Trump: Guilty or Victim of the Crisis?

    Trump: Guilty or Victim of the Crisis?
    The Use of Social Media by Leaders in Times of Crisis (2020–21)

    The United States House Select Committee investigating the Capitol attack on January 6, 2021, in the USA has published its final report on December 22, 2022.

    The 845-page report alleges Donald Trump, and his allies are guilty of crimes against the United States for their role in fomenting the Capitol riot and attempting to disrupt the orderly transition of power. The January 6 committee has referred Donald Trump to the justice department to face criminal charges, accusing the former president of fomenting an insurrection and conspiring against the government over his attempt to subvert the outcome of the 2020 election, and the attack on the US Capitol Hill.

    For the first time in American history, Congress has referred a case against a former president.

    When the post-election protests are analysed within the situational crisis communication theory framework, results similar to the committee’s report are obtained.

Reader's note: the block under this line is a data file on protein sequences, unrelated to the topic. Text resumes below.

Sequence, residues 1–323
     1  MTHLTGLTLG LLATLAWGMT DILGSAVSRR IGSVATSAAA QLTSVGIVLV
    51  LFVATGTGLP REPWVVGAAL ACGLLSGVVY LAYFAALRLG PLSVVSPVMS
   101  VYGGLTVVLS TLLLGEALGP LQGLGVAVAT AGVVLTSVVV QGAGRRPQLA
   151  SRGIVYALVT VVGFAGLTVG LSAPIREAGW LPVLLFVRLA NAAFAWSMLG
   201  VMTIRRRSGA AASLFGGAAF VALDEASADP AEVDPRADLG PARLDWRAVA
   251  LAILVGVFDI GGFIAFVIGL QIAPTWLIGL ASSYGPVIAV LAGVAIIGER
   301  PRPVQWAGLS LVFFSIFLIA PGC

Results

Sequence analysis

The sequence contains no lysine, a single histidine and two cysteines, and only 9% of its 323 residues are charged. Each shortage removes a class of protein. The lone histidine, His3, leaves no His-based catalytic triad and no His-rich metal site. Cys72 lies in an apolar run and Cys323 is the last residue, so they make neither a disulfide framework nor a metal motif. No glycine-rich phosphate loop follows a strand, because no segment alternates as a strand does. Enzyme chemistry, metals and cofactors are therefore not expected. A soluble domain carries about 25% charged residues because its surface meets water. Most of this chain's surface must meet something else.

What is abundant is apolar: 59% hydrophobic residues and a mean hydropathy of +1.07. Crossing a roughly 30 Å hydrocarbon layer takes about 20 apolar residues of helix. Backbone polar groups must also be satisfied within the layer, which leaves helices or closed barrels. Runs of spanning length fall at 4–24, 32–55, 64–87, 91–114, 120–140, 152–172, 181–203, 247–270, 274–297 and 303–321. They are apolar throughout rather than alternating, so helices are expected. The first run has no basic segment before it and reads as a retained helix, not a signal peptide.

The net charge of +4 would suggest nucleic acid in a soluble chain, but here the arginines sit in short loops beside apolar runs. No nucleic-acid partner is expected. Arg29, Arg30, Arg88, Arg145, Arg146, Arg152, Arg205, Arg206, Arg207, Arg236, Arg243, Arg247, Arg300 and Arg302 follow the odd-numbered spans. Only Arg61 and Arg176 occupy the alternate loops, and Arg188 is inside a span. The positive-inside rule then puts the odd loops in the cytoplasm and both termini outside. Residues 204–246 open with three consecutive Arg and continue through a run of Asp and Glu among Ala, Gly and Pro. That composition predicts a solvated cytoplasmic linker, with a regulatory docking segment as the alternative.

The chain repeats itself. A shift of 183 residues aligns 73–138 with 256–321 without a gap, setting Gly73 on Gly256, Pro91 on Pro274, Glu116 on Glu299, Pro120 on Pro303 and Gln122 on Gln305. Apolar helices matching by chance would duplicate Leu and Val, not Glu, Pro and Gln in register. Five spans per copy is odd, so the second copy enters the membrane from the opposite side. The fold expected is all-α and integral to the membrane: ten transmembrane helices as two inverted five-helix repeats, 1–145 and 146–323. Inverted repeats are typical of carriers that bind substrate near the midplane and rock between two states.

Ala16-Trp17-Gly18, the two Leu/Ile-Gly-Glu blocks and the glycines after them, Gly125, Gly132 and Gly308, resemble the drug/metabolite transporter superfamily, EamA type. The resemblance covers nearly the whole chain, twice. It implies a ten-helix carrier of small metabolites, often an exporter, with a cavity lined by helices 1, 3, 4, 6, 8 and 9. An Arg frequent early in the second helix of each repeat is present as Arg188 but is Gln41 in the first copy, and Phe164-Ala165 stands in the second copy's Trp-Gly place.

The January 6 committee’s report suggests that Donald J. Trump deliberately spread false allegations of election fraud. When the Facebook posts shared by Trump after the election are analysed within the framework of the situational crisis communication theory (SCCT), it is seen that most of Trump’s posts evaluated the election process within the ‘intentional cluster’ and suggested that there is an organisational conspiracy against him. In this context, Trump interacts with folks mostly by using the ‘victimage and scapegoat’ crisis response strategies, accusing others in the process, and claiming that he is the victim.

    On the other hand, Joe Biden did not respond to Trump’s election fraud claims and protests in different states from the post-election period until January 6 and mostly shared information about his plans during the presidential process.

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